He first discusses Pritchett's approach to education as a means of enforcing social norms, values and behaviors for its citizens. To me (as a daughter of an educator), this sounded wacko. But I think Pritchett explains it best in this Cambridge Nights interview. Right around minute 5:20.
As nation states strove to legitimate the rule... one of the ways [they did this] was through control of the socialization of the youth. Governments said: "Ok, kids are going to get educated, if we don't control the education, who knows what they're gonna learn vis-a-vis affiliation of the nation state, affiliation to particular ideologies. So it was really the ideology of affiliation of nation states combined with parental demand around their children's economic futures that led to more schooling and that schooling being controlled by the state.
This perspective doesn't solve the problem that Massive Open Online Courses might leave me unemployed in the future, but its something to keep in mind when we talk about education policy.
Meanwhile, my parents, in concern for their daughters possible future unemployment (economists read: parental demand around their children's economic future), brought a New Yorker Magazine all the way to Tanzania. In the May issue was an elaborate, New Yorker style, ten-page article about MOOCs. Good thing they haven't seen this visual about my low prospects on the job market (until now: hi M&D!).
Bellemare discusses the social capital students earn in college, learning to work together with young people from various backgrounds, especially in American college students where students tend to live on campus all together. While I completely agree with this assessment of social benefits, I'm skewed with privilege because I attended a small liberal arts college that prided itself with academic community, cultural diversity and intimate brochure-photo gatherings over a shared text book on the pristine lawn. But, according to the New Yorker, my experience is not the reality:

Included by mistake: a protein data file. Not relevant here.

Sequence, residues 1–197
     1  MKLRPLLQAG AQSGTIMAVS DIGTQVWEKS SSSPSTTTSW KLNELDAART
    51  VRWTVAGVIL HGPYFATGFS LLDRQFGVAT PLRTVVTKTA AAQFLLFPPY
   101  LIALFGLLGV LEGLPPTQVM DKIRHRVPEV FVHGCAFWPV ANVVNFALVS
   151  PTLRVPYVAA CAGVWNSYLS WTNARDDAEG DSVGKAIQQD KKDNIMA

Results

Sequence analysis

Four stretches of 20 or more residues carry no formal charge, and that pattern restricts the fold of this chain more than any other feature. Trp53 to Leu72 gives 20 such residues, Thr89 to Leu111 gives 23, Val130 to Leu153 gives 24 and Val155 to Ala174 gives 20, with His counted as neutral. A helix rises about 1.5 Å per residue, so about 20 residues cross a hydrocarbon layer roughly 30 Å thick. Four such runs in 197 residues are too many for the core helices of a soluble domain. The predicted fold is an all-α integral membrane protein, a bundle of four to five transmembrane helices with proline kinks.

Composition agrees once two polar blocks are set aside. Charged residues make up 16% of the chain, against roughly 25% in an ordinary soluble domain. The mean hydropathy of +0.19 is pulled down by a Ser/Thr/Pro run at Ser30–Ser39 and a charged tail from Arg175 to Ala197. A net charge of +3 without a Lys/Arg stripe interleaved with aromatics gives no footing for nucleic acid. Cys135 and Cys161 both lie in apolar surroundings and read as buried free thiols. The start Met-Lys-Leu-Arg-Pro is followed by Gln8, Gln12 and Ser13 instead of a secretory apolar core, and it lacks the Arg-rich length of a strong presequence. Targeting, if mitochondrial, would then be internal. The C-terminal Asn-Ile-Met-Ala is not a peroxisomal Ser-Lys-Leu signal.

When people refer to “higher education” in this country, they are talking about two systems. One is élite. It’s made up of selective schools that people can apply to—schools like Harvard, and also like U.C. Santa Cruz, Northeastern, Penn State, and Kenyon. All these institutions turn most applicants away, and all pursue a common, if vague, notion of what universities are meant to strive for. When colleges appear in movies, they are verdant, tree-draped quadrangles set amid Georgian or Gothic (or Georgian-Gothic) buildings. When brochures from these schools arrive in the mail, they often look the same. Chances are, you’ll find a Byronic young man reading “Cartesian Meditations” on a bench beneath an elm tree, or perhaps his romantic cousin, the New England boy of fall, a tousle-haired chap with a knapsack slung back on one shoulder.... Universities are special places, we believe: gardens where chosen people escape their normal lives to cultivate the Life of the Mind. But that is not the kind of higher education most Americans know. The vast majority of people who get education beyond high school do so at community colleges and other regional and nonselective schools. Most who apply are accepted. The teachers there, not all of whom have doctorates or get research support, may seem restless and harried. Students may, too. Some attend school part time, juggling their academic work with family or full-time jobs, and so the dropout rate, and time-to-degree, runs higher than at élite institutions. Many campuses are funded on fumes, or are on thin ice with accreditation boards; there are few quadrangles involved. The coursework often prepares students for specific professions or required skills.... This is the populist arm of higher education. It accounts for about eighty per cent of colleges in the United States.
For these students, at the eighty percent of colleges in the states, higher education is about simple cost-benefit analysis. It's about finding short-term child care and rounding up enough cash so you can finish that certificate in dental assistance or officially learn to operate the infrared spectrometer.
From a (hopefully) future faculty perspective, the impending imposition of MOOCs is ominous. I can only hope that I will be lucky enough to become employed at an institution like Amherst, where the faculty voted against joining a MOOC program, and the administration and endowment were privileged enough to support that decision.
Hat tips: Mom and Dad.